Constructions for the Golden Ratio

Constructing the external golden section points: Phi

This time we find a point outside of our line segment AB so that the new point defines a line which is Phi (1·618..) times as long as the original one.


Here's how to find the new line Phi times as long as the original:

  1. find midpoint M on AB First repeat the steps 1 and 2 above so that we have found the mid-point of AB and also have a line at right angles at point B.
  2. Mark T on perp line at B so AT=AB Now place the compass point on B and open them out to touch A so that you can mark a point T on the vertical line which is as long as the original line.
  3. FIND G on AB with MG=MT Placing the compass point on the mid-point M of AB, open them out to the new point T on the vertical line and draw an arc on the original line extended past point B to a new point G.
  4. A---B--G The line AG is now Phi times as long as the original line AB.

Why does this work?
If you followed the reasoning for why the first construction (for phi) worked, you should find it quite easy to prove that AG is Phi times the length of AB, that is, that AG = (√5/2 + 1/2) times AB.

Let AB have length 1 again and so AM=MB=1/2. Since BT is now also 1, how long is MT? This is the same length as MG so you can now find out how long AG is since AG=AM+MG.

Hofstetter's 3 Constructions of Gold Points

Using only circles

Hofstetters 4 circles construction Kurt Hofstetter has found a beautifully simple construction for a line and its golden section point using only compasses to draw 4 circles:

  1. On any straight line S, pick two points X and Y.
    With each as centre draw a circle (green) through the other point labelling their points of intersection G (top) and B (bottom) and the points where they meet line S as P and Q;
  2. With centre X, draw a circle through Q (blue);
  3. With centre Y, draw a circle through P (blue); labelling the top point of intersection of the blue circles A;

G is a gold point of AB (G is at the golden section of AB).
Article: A Simple Construction of the Golden Section, Kurt Hofstetter in Forum Geometricorum Vol 2 (2002) pages 65-66 which has the proof too.

Another even simpler method!

Hofstetter circles and line construction Kurt Hofstetter has discovered a very simple constructions of the gold point on a line AB just using circles and one line to find the gold point(s) on a given line segment AB:

  1. With centre A, draw a circle through B;
  2. With centre B, draw a circle through A;
  3. Extend BA to meet the first circle (centre A) at C;
  4. Label the lower point on both circles as D;
  5. With centre C draw another circle through B;
  6. Where the larger circle meets the circle centred on B, label the upper point E;

Line DE crosses line AB at G.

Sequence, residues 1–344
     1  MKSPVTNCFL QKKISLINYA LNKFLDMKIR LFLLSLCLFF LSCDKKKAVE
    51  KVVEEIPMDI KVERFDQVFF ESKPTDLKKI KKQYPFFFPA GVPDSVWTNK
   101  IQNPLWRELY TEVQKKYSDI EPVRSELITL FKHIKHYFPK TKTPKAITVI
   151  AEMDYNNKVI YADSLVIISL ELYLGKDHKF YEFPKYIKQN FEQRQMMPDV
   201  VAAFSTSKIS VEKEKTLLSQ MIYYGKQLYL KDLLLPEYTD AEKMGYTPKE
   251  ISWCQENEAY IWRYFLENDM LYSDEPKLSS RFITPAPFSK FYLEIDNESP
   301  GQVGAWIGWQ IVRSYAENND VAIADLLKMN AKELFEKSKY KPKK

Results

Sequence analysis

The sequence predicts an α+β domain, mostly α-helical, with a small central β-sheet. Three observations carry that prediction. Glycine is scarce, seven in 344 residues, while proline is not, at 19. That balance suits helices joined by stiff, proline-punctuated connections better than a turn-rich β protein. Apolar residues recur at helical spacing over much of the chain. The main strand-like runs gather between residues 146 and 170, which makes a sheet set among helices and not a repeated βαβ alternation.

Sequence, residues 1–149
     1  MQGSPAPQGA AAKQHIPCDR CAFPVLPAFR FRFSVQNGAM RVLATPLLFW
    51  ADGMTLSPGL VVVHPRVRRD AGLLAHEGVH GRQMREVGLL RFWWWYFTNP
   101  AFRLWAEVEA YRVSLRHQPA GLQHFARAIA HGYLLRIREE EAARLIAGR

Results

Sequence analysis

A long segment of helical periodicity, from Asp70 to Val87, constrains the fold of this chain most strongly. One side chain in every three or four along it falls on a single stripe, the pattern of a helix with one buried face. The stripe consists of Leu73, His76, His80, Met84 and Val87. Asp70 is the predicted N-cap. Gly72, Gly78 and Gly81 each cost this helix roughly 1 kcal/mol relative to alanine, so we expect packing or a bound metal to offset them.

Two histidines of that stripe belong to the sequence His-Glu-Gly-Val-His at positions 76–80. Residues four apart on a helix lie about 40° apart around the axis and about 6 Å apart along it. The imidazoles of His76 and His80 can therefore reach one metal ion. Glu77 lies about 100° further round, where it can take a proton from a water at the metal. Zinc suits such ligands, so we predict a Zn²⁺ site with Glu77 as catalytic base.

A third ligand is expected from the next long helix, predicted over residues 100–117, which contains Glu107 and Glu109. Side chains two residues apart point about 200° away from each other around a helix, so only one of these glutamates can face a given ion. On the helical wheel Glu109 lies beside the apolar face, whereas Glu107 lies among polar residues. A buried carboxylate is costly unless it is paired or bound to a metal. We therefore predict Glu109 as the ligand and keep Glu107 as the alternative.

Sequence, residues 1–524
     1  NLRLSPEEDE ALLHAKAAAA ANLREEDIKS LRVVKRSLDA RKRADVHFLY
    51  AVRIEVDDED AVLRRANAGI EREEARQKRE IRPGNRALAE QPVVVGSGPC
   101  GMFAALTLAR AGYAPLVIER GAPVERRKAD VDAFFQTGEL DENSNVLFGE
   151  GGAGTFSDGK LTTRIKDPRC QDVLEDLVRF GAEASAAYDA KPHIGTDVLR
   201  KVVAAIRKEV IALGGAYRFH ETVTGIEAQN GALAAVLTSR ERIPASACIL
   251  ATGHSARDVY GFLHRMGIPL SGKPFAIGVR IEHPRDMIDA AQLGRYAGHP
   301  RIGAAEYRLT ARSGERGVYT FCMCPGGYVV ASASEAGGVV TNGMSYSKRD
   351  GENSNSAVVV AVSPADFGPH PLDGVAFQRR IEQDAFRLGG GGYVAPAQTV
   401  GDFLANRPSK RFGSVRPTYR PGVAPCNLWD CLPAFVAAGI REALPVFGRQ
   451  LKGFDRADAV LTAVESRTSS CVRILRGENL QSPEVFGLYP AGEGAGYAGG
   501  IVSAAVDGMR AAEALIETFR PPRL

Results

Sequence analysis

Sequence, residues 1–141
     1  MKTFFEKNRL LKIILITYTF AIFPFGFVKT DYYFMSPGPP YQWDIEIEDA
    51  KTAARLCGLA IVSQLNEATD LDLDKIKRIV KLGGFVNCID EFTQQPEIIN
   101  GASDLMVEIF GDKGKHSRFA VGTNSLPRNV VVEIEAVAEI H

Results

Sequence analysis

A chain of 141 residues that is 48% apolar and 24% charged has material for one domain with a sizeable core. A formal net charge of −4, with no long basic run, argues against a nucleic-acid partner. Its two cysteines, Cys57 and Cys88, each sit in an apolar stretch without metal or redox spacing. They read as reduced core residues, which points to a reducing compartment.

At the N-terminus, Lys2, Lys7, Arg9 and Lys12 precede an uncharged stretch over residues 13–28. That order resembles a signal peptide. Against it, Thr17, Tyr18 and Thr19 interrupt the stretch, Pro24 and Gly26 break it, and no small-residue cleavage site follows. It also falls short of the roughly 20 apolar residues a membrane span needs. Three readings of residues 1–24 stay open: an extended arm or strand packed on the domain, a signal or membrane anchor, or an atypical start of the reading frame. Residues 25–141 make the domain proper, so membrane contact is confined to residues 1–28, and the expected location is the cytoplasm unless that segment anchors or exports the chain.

G is a gold point of AB
The other gold point on AB can be constructed similarly.

Uli Eggermann of Germany points out that we also have A as the gold point of CG!
It is quite simple to prove too using the properties of Phi and phi that phi=1/Phi and 1+phi=Phi:

  • If AB is 1 then so is CA: they are both radii of the same circle
  • Above we constructed G, the gold point of AB (=1), so that AG is phi
  • CG = CA + AG = 1 + phi = Phi
  • Since CA is 1 and CG is Phi then CA/CG = 1/Phi = phi
  • so A is the gold point of CG

Article: Kurt Hofstetter's proof was published as Another 5-step Division of a Segment in the Golden Section in Forum Geometricorum Vol 4 (2004) pages 21-22.

Lemoine's Construction of the Golden Section

hofstetter2003 = Lemoine's construction In this construction to find the gold point of a given line segment AB rediscovered by K Hofstetter but going back to 1902, we again need to construct only one line:

  1. With A as centre, draw the first circle through B;
  2. With B as centre, draw a second circle through A using labels C (top) and D (bottom) for the two points of intersection with the first circle;
  3. Through the top point, C, draw a third circle through A and B and use label E for its other intersection with the first circle;
  4. Draw the line CD and where it meets the third circle, label this point F;
  5. With centre E draw a circle though F; where it meets the line AB label this point G;

G is a gold point of AB.
Also, if BA is extended to meet the larger circle with centre E at G', then
A is a gold point of G'B.

Article: A 5-step Division of a Segment in the Golden Section K Hofstetter in Forum Geometricorum Vol 3 (2003) 205-206.
Book: The earliest reference to this construction appears to be in Géométrographie ou Art des Constructions Géométriques by E. Lemoine, published by C. Naud, Paris, 1902, page 51.